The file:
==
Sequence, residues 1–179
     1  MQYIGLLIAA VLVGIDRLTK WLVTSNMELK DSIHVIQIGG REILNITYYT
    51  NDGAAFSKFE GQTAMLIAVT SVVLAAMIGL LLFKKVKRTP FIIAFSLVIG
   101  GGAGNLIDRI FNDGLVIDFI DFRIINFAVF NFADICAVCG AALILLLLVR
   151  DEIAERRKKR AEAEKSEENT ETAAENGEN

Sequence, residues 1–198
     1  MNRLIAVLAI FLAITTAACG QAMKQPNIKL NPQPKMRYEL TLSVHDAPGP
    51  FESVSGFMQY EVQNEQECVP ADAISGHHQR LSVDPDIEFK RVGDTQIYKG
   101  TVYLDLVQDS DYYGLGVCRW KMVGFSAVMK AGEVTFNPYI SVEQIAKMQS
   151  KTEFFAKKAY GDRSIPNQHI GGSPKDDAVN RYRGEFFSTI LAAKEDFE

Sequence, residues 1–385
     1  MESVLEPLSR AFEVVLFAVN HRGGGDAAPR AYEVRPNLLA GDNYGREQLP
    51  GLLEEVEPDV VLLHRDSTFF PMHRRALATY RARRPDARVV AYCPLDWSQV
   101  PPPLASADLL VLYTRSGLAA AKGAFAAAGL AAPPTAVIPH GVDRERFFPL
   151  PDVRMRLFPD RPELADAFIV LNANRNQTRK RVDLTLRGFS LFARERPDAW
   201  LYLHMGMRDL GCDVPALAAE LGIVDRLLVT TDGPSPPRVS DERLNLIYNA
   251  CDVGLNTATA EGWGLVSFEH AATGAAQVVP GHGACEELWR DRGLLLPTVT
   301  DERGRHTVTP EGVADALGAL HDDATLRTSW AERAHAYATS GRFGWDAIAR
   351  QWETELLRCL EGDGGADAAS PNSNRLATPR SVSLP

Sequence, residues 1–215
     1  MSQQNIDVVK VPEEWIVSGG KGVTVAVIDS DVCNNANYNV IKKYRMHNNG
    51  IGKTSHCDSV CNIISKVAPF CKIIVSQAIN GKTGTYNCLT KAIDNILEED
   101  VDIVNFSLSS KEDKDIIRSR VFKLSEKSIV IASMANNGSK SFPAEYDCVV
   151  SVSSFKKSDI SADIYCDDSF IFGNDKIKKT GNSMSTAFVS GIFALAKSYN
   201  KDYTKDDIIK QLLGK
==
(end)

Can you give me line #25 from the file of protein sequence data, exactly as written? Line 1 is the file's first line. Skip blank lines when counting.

   201  KDYTKDDIIK QLLGK